Just when we thought the news couldn’t get any worse, we learnt that there are two instances of Friday the 13th this year (one tomorrow and one in October). We’re going to start placing our hopes on 2018. Even if you’re not particular superstitious, the amount of fear circling these dates doesn’t bode well for any of us.
Your attitude has more control over situations than you realise. For example, if you wake up thinking something terrible is going to happen tomorrow, it probably will. Not because the day is cursed but because of your negative outlook.
This isn’t making you feel better is it? Okay, let us try something different.
According to Cosmo, there are two scientific names for a fear of Friday the 13th (not to be confused with Friday The 13th, the 1980 slasher film). Friggatriskaidekaphobia or Paraskevidekatriaphobia are the correct names for a well-documented fear of the day.
There are a multitude of reasons this modern myth prevails. Some attribute the number 13 to the number of guests present at the table for Jesus’ Last Supper – his last meal before his cruxifixction.
It’s hard to pin down exactly where this myth originated since the number 13 has been avoided since the Victorian era. A psychologist from Goldsmiths University explained that the fear of Friday comes from the misplaced belief that The Last Supper took place on a Friday (it didn’t, it’s documented as a Thursday).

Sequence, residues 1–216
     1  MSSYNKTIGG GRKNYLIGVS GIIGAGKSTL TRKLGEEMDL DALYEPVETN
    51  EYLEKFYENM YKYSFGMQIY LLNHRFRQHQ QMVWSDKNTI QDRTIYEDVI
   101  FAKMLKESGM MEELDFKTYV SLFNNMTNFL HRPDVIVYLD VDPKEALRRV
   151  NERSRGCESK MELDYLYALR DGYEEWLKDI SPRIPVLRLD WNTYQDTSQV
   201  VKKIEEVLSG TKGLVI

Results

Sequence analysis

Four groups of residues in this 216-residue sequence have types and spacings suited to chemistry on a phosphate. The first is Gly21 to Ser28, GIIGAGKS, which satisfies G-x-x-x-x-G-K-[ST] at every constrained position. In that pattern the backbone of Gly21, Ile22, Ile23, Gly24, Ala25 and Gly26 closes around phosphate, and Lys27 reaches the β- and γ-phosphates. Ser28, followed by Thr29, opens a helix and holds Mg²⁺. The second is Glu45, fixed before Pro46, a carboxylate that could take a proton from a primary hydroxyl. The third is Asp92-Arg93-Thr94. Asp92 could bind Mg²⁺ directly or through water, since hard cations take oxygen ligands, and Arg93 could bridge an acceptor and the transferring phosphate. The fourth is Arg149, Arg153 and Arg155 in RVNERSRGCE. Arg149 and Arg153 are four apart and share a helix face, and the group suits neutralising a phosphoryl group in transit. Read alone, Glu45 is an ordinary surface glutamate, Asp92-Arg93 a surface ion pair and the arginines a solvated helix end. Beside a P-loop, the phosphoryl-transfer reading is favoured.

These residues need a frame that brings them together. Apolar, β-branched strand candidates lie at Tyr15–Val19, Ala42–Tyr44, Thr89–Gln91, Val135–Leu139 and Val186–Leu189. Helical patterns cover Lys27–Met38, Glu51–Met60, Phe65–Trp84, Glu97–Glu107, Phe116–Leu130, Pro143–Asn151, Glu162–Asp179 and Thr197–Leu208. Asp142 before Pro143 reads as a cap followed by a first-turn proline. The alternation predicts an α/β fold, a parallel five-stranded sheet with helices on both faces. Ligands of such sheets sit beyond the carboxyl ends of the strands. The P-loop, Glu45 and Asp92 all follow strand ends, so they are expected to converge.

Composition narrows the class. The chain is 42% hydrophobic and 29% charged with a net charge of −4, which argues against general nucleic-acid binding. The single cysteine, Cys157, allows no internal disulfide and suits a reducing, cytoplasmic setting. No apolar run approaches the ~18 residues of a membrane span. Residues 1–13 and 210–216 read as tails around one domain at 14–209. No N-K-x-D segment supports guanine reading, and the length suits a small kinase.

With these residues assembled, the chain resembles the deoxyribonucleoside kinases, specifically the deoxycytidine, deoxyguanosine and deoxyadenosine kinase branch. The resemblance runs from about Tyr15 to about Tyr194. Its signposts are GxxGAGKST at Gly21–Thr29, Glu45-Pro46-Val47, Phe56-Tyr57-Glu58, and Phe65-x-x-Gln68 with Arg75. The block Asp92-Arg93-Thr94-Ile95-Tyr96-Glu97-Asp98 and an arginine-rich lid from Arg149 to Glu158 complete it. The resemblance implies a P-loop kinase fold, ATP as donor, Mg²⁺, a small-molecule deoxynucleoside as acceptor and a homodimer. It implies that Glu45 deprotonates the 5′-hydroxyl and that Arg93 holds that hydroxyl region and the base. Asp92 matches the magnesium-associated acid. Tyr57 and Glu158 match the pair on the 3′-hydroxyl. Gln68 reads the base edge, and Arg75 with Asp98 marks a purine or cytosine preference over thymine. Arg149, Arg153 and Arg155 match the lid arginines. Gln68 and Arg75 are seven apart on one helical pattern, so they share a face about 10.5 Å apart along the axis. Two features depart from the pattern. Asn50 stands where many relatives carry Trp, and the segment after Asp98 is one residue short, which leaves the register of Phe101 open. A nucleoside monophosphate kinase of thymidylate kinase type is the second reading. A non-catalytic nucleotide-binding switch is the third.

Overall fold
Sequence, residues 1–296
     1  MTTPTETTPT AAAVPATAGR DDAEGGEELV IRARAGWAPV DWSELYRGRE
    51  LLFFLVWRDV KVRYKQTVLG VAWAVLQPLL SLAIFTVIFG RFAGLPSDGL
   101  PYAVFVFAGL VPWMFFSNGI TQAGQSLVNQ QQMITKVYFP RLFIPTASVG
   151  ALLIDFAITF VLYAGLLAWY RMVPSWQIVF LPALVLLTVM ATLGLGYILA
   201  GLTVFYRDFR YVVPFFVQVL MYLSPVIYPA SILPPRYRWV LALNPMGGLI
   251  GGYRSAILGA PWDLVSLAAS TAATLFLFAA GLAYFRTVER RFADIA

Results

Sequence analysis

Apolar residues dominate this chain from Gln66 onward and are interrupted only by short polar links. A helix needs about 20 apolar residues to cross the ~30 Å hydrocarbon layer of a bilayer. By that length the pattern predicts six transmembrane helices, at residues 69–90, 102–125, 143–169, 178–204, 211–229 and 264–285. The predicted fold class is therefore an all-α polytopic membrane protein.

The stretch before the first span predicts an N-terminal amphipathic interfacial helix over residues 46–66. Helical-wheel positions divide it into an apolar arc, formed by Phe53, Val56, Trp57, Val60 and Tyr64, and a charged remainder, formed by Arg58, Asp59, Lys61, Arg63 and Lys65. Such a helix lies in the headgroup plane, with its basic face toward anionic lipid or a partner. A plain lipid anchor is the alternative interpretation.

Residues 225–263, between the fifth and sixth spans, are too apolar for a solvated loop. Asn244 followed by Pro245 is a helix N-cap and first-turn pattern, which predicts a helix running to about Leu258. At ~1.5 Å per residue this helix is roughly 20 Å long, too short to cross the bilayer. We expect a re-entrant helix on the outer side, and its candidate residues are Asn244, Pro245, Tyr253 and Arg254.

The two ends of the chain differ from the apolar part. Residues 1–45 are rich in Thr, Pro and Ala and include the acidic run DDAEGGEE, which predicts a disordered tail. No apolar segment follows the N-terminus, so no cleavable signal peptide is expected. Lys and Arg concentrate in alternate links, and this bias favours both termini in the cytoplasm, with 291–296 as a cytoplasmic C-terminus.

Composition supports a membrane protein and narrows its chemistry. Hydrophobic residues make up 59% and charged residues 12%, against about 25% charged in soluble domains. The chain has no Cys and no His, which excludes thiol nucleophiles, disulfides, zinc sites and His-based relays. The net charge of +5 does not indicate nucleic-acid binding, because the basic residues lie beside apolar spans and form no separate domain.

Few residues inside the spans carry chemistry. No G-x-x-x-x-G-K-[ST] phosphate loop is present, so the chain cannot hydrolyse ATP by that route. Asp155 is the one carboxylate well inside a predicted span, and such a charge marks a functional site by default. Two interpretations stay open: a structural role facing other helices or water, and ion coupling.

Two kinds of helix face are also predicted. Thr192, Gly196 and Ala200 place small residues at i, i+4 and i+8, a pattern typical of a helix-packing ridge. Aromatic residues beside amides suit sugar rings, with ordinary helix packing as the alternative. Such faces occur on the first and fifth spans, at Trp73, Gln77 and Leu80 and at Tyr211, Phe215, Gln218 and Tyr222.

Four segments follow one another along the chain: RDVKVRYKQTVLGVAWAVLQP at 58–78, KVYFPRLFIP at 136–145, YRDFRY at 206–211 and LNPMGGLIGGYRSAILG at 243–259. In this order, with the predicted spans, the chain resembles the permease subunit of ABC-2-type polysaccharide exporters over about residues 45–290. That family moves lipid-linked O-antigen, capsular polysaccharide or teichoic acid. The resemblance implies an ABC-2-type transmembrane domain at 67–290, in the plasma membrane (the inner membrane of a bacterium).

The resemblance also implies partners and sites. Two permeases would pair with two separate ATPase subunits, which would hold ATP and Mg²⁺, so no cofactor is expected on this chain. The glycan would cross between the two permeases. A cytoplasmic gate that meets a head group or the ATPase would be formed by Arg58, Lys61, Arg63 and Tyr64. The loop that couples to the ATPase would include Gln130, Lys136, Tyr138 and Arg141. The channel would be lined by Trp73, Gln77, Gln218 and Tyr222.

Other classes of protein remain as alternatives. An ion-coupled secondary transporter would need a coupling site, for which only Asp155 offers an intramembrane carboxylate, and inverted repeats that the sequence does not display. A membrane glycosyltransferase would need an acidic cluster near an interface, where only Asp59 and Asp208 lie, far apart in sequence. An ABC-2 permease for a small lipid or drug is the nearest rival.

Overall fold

Despite no tangible evidence for Friday the 13th being anything but a normal day, 10% of the population in the Western world claim to be influenced by the date.
The same psychologist said on the day, “It is not supported by any convincing empirical evidence but is maintained and passed on because superstitious people tend to notice and remember bad things that happen on this particular date”.
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It’s all down to your perspective, y’know.
People will day you about the Bangladeshi boy that was struck by lightening at 13.13pm and the plane crash in the Andes but pay no attention.
That said, maybe stay clear of any Lake-based Summer Camps – just to be safe.